A couple of days ago I did 3 sets of 50 sit ups. In a row. I was pretty pleased – I don’t think I’ve ever done that many before. How did I do it? I told myself I was going to. Simple as that.
This morning I accompanied a group of kids from my son’s school to a running event. They were nervous – for many of them it was their first event. Even more so when they saw the course (it was HILLY!) But they all ran brilliantly, and did their school and their team mates proud. How? They told themselves they could do it.
Sometimes a mental note to self is enough. And sometimes the voice of doubt is a bit too loud and overwhelms any confidence you might have in your ability. So a further step is required.
I find gardening really hard work, and two summers of really awful weather meant the garden had got completely out of hand. This year was the time to sort it out, and I had serious doubts about my ability. What did I do? I wrote myself a big message. It looks like this:
It’s a technique that works for all sorts of daunting tasks you’re feeling overwhelmed by or negative about. Telling yourself you can do something, even if there’s a smidge of doubt in your mind about whether you can really do it, is a really good thing.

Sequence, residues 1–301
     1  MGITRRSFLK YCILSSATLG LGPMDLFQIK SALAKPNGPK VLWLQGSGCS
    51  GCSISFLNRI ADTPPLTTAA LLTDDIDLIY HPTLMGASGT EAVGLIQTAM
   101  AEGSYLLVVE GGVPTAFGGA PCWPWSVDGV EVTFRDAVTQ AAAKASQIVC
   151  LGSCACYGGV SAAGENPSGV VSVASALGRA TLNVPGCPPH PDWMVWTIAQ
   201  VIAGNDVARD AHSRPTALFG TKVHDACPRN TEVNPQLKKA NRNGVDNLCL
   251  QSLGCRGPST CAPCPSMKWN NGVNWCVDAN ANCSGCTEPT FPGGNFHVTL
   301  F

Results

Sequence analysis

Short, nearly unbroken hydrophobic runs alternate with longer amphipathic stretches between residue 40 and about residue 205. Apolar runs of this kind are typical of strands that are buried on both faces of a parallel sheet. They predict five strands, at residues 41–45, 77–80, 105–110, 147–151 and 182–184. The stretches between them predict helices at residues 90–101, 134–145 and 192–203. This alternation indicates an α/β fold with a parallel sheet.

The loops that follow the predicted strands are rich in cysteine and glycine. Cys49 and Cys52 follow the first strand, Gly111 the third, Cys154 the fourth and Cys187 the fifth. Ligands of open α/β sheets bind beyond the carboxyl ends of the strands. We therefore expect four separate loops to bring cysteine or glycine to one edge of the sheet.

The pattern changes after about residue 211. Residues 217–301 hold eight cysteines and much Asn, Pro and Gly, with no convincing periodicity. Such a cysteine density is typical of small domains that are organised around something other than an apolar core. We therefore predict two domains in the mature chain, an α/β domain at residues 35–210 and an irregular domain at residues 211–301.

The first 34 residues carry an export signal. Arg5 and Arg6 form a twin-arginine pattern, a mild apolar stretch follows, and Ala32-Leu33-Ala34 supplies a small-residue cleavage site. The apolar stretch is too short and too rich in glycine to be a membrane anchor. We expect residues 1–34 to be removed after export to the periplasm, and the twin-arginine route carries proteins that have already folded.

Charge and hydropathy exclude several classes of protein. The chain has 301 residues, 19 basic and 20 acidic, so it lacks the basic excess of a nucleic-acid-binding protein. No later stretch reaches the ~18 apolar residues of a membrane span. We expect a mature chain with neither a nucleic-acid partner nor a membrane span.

We have to be realistic. Telling yourself you can fly is probably unwise. Attempting 150 sit ups when you’ve never even done one might be a stretch too far and leave you feeling disheartened. But setting yourself a realistic goal and then outwardly telling yourself you really can do it WORKS. When (not if!) you achieve it, the positive feedback you get from yourself will make even more likely to work again next time.
I leave myself bold notes, telling me I can do it (whatever ‘it’ may be). On the whiteboard in the kitchen, or sticky notes on my PC. Written in the steam on the bathroom mirror, or scrawled on a sheet of paper on my desk. They are big, bold, confident, happy notes. They shout at me “I believe in you!”
It’s a really little thing, and when I first started it, I felt really silly doing it. I worried I might let myself down. But now, I love my notes to self and leave them up unashamedly. They are happy reminders of how much I can achieve. They don’t have deadlines, and the note can stay there indefinitely as far as I’m concerned. I may not achieve that goal today (I may not choose to), and that’s ok. The point is that I CAN do it. Whether it happens today, or next week, or next year, I’m reminding myself that, even when the voice of doubt in my head is quite loud, I do actually believe in myself.
© Liz Wootton 2013. All Rights Reserved.